As a naturally occurring physiological process, apoptosis may be caused by various external and internal factors. For instance, damage to the DNA or life-expectancy period of a cell (e.g. 120 days for red cells) is likely to trigger the apoptosis process. Moreover, the process is regulated/controlled and occurs through well-defined steps that result in the morphological changes of the cell.
Necrosis is a different process that occurs as a result of various physical or environmental factors causing trauma to the cell.
In the event of extreme physiological conditions such as hypothermia or damage to the plasma membrane caused by lytic viruses, necrosis occurs in which the cell and its components are digested. For this reason, necrosis has also been described as a pathological process that is triggered by such external agents as infections, toxins, and trauma among others.
Necrosis is also different from apoptosis in that it is unregulated and tends to be accidental (resulting in premature cell death).
There are six different types of necrosis based on morphology which include:
· Coagulative necrosis - Caused by infarction or ischemia. In this type of necrosis, the shape of the cell, as well as the structure of the affected organ, is preserved by the coagulation protein for a few days.
· Liquefactive necrosis - Typically caused by bacterial or fungal infections, this type of necrosis is characterized by the affected tissue becoming liquefied.
· Gangrenous necrosis - This type of necrosis that results from lack of blood flow to given body tissue. It is characterized by tissue/skin looking black and dead
· Caseous necrosis - Observed in such infections as leishmaniasis, this type of necrosis is characterized by tissues that are cheese-like in appearance
· Fat necrosis - Occurs in injured fatty areas. In such areas, fat is replaced with oily contents resulting in a chalky appearance.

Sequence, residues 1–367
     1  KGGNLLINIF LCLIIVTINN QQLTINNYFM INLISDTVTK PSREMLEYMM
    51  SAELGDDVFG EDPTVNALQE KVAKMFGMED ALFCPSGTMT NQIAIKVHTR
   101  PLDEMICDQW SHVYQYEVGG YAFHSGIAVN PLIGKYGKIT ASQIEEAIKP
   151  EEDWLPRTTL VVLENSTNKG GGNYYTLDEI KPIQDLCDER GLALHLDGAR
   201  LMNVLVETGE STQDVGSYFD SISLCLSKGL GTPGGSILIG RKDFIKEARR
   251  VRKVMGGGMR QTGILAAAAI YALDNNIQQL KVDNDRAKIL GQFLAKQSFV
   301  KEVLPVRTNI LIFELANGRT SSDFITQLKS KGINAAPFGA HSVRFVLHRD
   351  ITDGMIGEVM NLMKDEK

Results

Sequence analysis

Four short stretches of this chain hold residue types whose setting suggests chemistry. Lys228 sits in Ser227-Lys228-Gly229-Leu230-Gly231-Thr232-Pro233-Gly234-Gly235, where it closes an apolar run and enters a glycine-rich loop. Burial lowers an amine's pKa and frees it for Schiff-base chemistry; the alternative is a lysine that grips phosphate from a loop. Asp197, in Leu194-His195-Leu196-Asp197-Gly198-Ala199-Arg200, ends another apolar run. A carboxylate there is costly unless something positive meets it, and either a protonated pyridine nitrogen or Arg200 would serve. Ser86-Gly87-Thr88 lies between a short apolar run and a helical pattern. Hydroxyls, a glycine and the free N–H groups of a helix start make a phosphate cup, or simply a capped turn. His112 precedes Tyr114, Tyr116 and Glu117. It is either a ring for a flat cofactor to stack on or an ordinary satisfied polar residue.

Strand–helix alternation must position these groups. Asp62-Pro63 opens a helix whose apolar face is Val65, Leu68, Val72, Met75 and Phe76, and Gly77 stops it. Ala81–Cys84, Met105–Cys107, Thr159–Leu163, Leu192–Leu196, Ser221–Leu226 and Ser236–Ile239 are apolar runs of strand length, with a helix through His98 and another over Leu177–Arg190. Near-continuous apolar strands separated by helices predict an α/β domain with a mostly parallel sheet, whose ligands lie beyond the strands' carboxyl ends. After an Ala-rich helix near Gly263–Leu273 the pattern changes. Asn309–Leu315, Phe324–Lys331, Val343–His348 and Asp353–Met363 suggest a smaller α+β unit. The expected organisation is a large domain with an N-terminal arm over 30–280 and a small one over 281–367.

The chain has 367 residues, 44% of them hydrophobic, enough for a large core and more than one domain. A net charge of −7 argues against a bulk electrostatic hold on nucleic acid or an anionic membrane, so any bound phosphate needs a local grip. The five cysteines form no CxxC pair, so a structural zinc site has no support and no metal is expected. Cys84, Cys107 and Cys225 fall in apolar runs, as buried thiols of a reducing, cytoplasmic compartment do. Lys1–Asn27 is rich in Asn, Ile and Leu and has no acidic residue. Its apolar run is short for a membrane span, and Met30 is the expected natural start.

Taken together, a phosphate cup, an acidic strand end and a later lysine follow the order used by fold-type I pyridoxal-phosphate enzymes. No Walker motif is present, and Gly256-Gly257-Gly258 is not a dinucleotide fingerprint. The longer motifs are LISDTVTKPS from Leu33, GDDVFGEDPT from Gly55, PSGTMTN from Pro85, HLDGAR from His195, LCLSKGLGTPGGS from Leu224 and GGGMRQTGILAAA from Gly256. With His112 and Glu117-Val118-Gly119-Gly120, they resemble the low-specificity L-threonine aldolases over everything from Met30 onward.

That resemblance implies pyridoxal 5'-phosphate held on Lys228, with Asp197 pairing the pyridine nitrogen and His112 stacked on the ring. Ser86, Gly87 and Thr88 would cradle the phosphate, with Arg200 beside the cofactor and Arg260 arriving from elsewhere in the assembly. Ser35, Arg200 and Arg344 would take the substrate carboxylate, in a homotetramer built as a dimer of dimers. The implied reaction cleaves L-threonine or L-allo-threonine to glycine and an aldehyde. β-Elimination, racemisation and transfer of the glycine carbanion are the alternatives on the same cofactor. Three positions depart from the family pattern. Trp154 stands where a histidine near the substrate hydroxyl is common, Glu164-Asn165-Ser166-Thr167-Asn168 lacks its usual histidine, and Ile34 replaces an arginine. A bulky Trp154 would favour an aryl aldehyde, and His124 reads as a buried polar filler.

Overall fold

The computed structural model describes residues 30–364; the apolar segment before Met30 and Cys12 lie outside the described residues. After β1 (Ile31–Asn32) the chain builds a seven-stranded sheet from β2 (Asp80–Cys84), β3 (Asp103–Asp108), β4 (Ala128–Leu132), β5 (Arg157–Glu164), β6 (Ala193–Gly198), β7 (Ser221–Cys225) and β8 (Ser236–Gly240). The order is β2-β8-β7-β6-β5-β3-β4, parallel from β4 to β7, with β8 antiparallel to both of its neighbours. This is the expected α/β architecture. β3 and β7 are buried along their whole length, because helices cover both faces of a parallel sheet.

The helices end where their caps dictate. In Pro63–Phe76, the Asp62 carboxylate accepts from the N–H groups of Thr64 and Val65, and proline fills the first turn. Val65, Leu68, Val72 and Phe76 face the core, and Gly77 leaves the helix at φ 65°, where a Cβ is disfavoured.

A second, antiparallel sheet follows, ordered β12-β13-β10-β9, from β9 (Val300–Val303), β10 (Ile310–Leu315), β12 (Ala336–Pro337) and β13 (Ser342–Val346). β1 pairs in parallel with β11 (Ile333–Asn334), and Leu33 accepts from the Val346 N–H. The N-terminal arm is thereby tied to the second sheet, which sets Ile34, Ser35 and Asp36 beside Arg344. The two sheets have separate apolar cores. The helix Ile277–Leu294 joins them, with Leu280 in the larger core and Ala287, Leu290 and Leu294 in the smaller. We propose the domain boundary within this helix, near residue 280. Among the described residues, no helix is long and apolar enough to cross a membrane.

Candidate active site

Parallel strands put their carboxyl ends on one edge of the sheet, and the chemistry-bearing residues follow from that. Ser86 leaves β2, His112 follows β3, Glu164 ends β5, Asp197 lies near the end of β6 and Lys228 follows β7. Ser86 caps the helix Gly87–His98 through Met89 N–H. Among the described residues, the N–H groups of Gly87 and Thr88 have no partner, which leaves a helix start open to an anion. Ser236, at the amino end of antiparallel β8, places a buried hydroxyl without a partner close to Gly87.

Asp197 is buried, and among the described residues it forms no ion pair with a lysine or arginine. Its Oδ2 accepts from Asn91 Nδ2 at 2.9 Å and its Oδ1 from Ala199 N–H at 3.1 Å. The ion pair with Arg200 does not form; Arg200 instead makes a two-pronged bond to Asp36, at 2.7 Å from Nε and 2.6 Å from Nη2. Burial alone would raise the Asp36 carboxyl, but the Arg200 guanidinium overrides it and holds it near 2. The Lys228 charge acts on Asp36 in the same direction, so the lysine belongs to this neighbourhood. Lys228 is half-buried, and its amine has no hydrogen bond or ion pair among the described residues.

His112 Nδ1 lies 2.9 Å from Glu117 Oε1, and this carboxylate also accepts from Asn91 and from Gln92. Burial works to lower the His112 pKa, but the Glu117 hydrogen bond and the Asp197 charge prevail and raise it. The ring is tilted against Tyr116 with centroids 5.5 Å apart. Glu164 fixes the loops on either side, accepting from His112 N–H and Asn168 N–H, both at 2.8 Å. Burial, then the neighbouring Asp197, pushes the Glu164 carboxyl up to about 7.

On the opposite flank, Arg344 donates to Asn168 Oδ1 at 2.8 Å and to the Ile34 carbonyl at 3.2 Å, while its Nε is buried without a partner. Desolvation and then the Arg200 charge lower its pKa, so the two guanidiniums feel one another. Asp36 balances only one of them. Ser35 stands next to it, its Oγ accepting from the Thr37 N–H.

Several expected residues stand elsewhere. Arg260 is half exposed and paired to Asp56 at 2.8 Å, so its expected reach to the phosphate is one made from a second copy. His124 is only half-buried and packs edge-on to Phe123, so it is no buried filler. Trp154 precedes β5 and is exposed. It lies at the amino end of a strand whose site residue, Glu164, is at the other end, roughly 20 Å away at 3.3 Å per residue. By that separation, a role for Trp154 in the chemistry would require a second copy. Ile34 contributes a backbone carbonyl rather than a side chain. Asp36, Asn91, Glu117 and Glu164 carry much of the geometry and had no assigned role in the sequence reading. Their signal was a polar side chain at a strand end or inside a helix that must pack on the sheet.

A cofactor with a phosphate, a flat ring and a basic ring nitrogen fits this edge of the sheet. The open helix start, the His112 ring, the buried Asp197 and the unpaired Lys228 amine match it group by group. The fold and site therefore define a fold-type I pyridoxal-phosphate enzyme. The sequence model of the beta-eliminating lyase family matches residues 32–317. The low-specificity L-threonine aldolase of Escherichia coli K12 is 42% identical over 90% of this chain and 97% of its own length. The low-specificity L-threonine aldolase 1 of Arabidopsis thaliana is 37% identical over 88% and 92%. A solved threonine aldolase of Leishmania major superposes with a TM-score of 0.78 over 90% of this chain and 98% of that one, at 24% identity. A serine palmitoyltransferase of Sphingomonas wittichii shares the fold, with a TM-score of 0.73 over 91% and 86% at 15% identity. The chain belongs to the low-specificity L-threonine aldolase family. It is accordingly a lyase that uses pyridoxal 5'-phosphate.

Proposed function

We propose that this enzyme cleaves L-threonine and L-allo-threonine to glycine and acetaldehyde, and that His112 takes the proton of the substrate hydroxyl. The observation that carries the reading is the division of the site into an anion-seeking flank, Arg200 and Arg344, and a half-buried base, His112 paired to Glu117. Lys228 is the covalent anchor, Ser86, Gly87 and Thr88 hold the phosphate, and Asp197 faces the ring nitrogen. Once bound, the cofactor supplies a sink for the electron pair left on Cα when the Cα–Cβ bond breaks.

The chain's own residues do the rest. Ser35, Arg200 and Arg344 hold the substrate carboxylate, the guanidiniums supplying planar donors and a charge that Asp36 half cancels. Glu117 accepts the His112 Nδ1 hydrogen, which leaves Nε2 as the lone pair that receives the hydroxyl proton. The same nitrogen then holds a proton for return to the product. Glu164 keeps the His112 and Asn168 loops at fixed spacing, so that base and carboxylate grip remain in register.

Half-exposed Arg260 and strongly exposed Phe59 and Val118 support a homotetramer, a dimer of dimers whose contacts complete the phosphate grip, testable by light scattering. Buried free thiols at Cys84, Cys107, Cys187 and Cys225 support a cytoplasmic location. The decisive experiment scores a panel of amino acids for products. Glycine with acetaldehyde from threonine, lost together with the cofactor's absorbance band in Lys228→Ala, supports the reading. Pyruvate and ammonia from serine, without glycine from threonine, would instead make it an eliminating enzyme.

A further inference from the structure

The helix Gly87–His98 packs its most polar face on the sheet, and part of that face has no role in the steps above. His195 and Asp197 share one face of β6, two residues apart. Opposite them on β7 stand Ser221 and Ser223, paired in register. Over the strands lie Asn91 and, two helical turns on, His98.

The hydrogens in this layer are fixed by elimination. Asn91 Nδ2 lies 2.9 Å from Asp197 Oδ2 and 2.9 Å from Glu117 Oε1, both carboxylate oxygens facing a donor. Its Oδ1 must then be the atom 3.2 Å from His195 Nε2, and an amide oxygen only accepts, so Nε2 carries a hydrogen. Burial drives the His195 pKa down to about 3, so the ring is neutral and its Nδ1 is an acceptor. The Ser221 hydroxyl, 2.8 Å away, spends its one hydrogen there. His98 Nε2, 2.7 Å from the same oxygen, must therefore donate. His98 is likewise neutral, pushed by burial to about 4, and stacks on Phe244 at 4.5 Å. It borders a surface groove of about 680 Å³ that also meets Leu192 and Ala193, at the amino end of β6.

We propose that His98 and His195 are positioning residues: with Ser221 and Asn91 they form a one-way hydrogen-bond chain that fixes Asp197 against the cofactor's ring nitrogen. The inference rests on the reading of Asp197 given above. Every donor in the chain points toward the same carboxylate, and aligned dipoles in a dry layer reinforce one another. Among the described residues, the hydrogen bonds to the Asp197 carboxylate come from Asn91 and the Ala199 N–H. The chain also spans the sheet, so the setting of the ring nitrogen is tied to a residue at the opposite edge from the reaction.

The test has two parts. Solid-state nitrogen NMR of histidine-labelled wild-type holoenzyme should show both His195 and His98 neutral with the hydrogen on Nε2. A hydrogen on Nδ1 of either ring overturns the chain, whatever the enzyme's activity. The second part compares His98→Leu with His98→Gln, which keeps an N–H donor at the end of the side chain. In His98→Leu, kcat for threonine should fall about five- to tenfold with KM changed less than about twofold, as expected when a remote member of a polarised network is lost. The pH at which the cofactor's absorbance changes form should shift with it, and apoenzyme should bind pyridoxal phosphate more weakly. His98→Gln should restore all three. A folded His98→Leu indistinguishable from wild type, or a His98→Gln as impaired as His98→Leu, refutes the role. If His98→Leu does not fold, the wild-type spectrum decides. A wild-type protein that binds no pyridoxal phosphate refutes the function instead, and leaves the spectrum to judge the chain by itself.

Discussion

· Fibrinoid necrosis - This is common in immune reactions and is characterized by thicker vessel walls that may appear pinkish-red in color
During necrosis, the inability of the cell to maintain homeostasis is followed by an influx of water and other extracellular ions. This results in the swelling up of intracellular organelles followed by lysis of the cell. As a result, contents of the cell are released into the extracellular fluid.
Some of the other differences between apoptosis and necrosis include:
· Necrosis not only results in tissue damage, but also induces an immune response
· While apoptosis is important to the body (in normal cases) necrosis can be fatal if not attended to
· In necrosis, the necrotic cells are phagocytized by phagocytes only, however, this may be done by adjacent cells or the phagocytes
· Unlike necrosis, apoptosis is localized and involved specific cells
· A number of factors are released into the cytoplasm during apoptosis but not necrosis
· Apoptosis is dependent on the caspase pathway while necrosis is not
· Energy in the form of ATP is required in apoptosis but not in necrosis
· Vesicles are formed in apoptosis but not in necrosis
While apoptosis is an important process for metazoan cells, defective apoptosis can have a number of negative impacts on the organism (e.g. degenerative diseases and autoimmunity). Based on research studies, development and progression of cancer have been shown to be one of these outcomes.
Excessive apoptosis may result in such conditions as degenerative diseases. However, too little of this process has been shown to cause cancer. Here, defects may occur during apoptosis resulting in malignant transformation of the cell and subsequent cancer development and progression.
During apoptosis, there are a number of factors that may ultimately cause cancer which include:
Impaired death receptor signaling
Reduced activity of the caspase
Imbalance of proapoptotic and antiapoptotic proteins
One of the main concepts understood to result in cancer involves genetic changes. Here, successive genetic changes transform a normal cell into a malignant one thereby resulting in the development of cancer.
In the case of reduced apoptosis, the process may cause changes to the genetic content of the cell. In such cases, given that apoptosis does not completely kill the cell, genetic content of the cell may be transformed (genetic alterations) contributing to carcinogenesis.
In the intrinsic pathway, it is the over-expression of Bcl-2 or Bcl-xL that has been associated with well over half of all cancers.
For the most part, the treatment of cancers caused by defective apoptosis has involved the use of strategies that restore apoptotic signaling pathways to normalcy.
Some of the treatments currently being used include:
Oblimersen sodium and BH3 mimetics - Used to target Bcl-2 proteins
Bcl-2 specific siRNA -Has anti-proliferative and anti-apoptotic effects